5. littlem

     /  December 7, 2007

    It’s been an observation of mine that therapist think that they’re the ONLY people in the world with professional training and, as such, they know EVERY damned thing.

    It’s in the face of examples like these that I feel inclined to calmly say to practitioners, “You know, I’m well aware as a client (I don’t use the word “patient”; I’ve learned a thing or two about mnemonic anchors) that a psychology or psychotherapist’s job is, insofar as possible, to ease clients into adjusting to the status quo.”

    Then shriek,
    “But what if the status quo itself is F**KED UP?!?”

    Then at least you know they’re listening.

    And they know that you’re not clueless. Nor passive enough to just swallow whatever bullsh** is fashionable in the DMSR-IV (or whatever the h*ll) this month.

    ‘Cause Ceiling Cat knowz that dokcumentz is NVR rong or incompleet.


  6. charlie

     /  December 7, 2007

    85%, I think, Fillyjonk.

    I didn’t eat more than 150 calories a day for 6 months, had grown all over body hair, and had to wear several layers of clothing to maintain body temperature, and the psychiatrist diagnosed me as anorexic – even though at my lowest I had a BMI of 20.5. During 6 months I lost only 20 pounds, but by the end it was obvious physically that I was in distress. I was having trouble opening doors, my hands tingled if I lay down, I couldn’t get better from a cold.

    If they’d got me at month 3 when I felt like Superwoman, before I started getting sick, I was still *thinking* like an anorexic, and the treatment I responded to was similar. So whatever you call it, it’s similar in the head.

    I imagine the difference between me longer term anorexics is repeated patterning: because I tapped out sooner physically than others, the hold of the addiction wasn’t as strong. I wanted to be better.

  7. queendom

     /  December 7, 2007

    Your experience is – unfortunately – no exception. As I have said elsewhere I have binge eating disorder. People, including therapists, have no problem believing that – hey, after all I am fat! However, they usually ignore completely that I have had many times in my life when I restricted my food intake quite severely for some time and lost up to 100 pounds in six months. I also tend to get quite obsessive about exercise. I always mention those things when I talk about my eating disorder with a (mental or otherwise) health professional. However, except for one wonderful therapist every single health professional I have ever met in my life thought that any weight loss was great for me and surely a sign of recovery.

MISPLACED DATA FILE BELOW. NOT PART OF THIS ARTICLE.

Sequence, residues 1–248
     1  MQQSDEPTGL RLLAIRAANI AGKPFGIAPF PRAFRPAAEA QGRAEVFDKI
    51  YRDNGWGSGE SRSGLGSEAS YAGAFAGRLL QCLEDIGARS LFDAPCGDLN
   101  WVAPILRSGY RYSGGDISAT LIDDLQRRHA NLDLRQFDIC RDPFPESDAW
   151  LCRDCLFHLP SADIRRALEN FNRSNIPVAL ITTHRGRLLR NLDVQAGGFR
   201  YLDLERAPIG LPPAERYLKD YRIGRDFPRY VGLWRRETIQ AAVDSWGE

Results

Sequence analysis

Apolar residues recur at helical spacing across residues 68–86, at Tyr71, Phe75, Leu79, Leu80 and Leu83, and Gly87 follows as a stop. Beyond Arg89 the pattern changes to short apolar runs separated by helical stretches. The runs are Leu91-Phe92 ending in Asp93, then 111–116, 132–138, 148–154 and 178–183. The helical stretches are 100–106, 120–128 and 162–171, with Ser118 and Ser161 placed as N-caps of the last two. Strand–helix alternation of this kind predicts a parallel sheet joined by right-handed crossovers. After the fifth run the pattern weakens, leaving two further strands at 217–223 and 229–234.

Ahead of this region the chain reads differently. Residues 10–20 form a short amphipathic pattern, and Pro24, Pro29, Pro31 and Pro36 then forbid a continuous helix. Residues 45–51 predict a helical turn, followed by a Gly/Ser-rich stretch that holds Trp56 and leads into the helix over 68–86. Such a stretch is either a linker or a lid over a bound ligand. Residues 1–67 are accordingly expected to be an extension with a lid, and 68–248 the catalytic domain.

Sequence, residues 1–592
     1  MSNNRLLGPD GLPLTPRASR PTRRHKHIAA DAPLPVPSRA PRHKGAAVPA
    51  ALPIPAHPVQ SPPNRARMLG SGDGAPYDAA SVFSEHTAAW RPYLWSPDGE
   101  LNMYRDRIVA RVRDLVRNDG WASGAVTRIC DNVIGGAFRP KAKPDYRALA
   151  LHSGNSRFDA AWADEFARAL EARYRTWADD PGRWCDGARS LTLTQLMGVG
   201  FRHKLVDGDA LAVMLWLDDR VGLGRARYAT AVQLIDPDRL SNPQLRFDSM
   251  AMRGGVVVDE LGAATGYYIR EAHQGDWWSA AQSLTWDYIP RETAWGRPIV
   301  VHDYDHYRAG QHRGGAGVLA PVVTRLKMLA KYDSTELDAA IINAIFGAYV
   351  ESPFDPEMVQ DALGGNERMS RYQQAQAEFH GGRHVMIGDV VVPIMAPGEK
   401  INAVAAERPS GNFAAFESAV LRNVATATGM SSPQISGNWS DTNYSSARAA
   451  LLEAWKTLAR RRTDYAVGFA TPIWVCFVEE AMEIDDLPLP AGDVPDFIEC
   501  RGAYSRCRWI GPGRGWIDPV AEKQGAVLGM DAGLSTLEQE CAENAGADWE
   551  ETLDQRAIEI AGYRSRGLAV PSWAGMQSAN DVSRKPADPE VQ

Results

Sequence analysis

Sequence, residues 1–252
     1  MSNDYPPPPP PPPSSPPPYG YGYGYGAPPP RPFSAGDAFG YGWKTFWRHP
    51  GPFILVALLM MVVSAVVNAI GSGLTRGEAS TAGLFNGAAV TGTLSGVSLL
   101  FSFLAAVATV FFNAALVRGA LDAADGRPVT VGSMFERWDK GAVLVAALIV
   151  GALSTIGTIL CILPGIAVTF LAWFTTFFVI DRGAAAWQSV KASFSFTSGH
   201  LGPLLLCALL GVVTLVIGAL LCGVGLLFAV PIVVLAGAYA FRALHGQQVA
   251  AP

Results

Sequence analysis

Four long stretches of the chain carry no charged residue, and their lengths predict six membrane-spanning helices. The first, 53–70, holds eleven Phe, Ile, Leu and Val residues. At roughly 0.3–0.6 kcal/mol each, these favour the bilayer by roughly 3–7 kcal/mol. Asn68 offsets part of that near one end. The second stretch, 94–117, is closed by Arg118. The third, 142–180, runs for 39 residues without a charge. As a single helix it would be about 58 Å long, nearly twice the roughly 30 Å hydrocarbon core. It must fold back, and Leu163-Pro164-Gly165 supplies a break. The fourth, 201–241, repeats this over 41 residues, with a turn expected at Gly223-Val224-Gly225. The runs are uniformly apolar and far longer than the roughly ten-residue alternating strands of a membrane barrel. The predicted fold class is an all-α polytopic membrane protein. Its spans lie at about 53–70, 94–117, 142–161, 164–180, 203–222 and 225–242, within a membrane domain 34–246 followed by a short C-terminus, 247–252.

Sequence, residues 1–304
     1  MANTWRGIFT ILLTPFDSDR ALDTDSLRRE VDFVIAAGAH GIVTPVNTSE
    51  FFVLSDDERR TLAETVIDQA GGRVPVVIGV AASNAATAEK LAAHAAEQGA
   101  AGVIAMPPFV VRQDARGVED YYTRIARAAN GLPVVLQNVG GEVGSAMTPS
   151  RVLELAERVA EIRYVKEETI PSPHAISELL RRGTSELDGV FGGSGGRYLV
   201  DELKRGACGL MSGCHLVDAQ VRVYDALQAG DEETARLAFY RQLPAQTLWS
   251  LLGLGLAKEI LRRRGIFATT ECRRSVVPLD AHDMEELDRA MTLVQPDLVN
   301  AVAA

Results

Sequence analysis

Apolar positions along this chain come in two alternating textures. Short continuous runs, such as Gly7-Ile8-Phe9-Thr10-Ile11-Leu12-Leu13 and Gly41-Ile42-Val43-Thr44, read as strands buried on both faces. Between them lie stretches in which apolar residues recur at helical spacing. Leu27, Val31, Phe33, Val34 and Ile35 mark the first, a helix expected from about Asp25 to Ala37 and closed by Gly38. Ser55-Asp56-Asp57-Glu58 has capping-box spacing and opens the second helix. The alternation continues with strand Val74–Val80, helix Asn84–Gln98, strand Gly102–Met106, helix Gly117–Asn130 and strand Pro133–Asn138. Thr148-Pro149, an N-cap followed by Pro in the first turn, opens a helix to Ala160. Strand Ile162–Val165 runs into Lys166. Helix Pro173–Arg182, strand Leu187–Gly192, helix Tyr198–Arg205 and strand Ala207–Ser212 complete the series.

The problem with that is that part of me is a total sucker for praise – so if someone tells me how great it is that I lost weight, particularly if a health professional tells me so, my immediate reaction is to keep up the “good work” even though I know better until eventually I end up in a phase when I binge again for several months, gain back all the weight, and feel generally rotten about myself. In addition I have had times when I felt quite bad during weight loss (I struggle with chronic depression) – however, everyone assumed that I was doing really, really well; after all I had lost weight.
    I know that I am not alone with these problems, and I know that most health professionals mean well and behave the way they do because they just don’t know any better. However, I cannot help but feel angry about this situation, particularly since many of the respective health professionals also display the quietly condescending manner that you described.
    As a result of all this I, too, have tried to keep body image and eating disorder matters out of therapy – which is obviously far from ideal for someone with binge eating disorder. In addition, it also does not work very well because many of my issues are linked to having been bullied for years because of my weight.

  8. Raye, I really hope you were just being sarcastic, because otherwise you sound an awful lot like a troll, and we don’t permit trolling here. Just FYI.

    Anyway, fillyjonk and littlem and Deniselle have already pointed out the problems with the DSM and other diagnostic documents compiled and edited by a specially selected group of doctors (a group almost entirely composed of straight, white, largely conservative men), so I don’t have to, but I would remind you – that tome you’re quoting? Not so long ago listed homosexuality as a mental illness, so really – let’s not act like we’re talking about the Constitution of the United States here.

    Michelle – that’s really crummy. I had a similar situation – I went to see a therapist recently, and mentioned that I’d been doing a bunch of thinking about HAES and the like, and what did she do? She recommended I attend this class run by a nutritionist which many of her patients “just love” and how it’s totally great, and btw, the nutritionist is a “larger gal” as well. Right. So I looked up this class, and the first sentence of the description? Talked about “sticking to a diet.” Yeah, right, that’s totally HAES. snort!

    I’m sorry you wound up discovering your therapist’s prejudices after such a long working relationship with her, though. That must have been really hard.

  9. Becky

     /  December 7, 2007

    You cannot be close to anorexia if you are fat. That goes against the DSM IV-TR definition of anorexia.

    First of all, you can be close to anorexia without meeting all the criteria. That’s why she said she was close to anorexia, not anorexic. Secondly, it doesn’t really go against the definition. The DSM criteria doesn’t actually mention BMI. It talks about falling below 85% of a normal body weight. So a person who weighs 200 pounds can meet that criteria if 240 pounds is a normal body weight for that person. It’s just that doctors don’t seem to understand that 240 pounds can be a normal weight.

  10. Cindy

     /  December 8, 2007